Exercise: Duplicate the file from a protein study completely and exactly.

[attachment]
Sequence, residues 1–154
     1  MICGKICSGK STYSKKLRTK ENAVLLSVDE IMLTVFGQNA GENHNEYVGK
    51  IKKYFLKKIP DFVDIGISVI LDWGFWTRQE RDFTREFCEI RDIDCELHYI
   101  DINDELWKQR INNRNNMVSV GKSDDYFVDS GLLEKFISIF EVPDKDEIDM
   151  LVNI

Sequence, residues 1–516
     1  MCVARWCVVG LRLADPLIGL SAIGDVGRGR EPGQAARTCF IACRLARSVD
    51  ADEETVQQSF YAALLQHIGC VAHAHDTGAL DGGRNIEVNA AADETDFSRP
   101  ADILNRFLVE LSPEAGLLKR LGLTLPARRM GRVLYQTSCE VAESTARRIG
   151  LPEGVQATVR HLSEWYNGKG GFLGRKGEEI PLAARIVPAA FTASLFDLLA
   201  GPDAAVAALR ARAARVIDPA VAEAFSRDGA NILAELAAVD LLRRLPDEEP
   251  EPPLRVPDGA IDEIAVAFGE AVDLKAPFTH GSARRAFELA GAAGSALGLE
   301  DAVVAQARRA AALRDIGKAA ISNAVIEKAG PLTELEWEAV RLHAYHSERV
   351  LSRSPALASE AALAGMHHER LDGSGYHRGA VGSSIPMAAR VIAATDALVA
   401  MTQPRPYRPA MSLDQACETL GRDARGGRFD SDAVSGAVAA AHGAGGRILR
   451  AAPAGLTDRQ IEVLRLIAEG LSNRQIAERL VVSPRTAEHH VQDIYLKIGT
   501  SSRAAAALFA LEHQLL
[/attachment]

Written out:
Sequence, residues 1–154
     1  MICGKICSGK STYSKKLRTK ENAVLLSVDE IMLTVFGQNA GENHNEYVGK
    51  IKKYFLKKIP DFVDIGISVI LDWGFWTRQE RDFTREFCEI RDIDCELHYI
   101  DINDELWKQR INNRNNMVSV GKSDDYFVDS GLLEKFISIF EVPDKDEIDM
   151  LVNI

Sequence, residues 1–516
     1  MCVARWCVVG LRLADPLIGL SAIGDVGRGR EPGQAARTCF IACRLARSVD
    51  ADEETVQQSF YAALLQHIGC VAHAHDTGAL DGGRNIEVNA AADETDFSRP
   101  ADILNRFLVE LSPEAGLLKR LGLTLPARRM GRVLYQTSCE VAESTARRIG
   151  LPEGVQATVR HLSEWYNGKG GFLGRKGEEI PLAARIVPAA FTASLFDLLA
   201  GPDAAVAALR ARAARVIDPA VAEAFSRDGA NILAELAAVD LLRRLPDEEP
   251  EPPLRVPDGA IDEIAVAFGE AVDLKAPFTH GSARRAFELA GAAGSALGLE
   301  DAVVAQARRA AALRDIGKAA ISNAVIEKAG PLTELEWEAV RLHAYHSERV
   351  LSRSPALASE AALAGMHHER LDGSGYHRGA VGSSIPMAAR VIAATDALVA
   401  MTQPRPYRPA MSLDQACETL GRDARGGRFD SDAVSGAVAA AHGAGGRILR
   451  AAPAGLTDRQ IEVLRLIAEG LSNRQIAERL VVSPRTAEHH VQDIYLKIGT
   501  SSRAAAALFA LEHQLL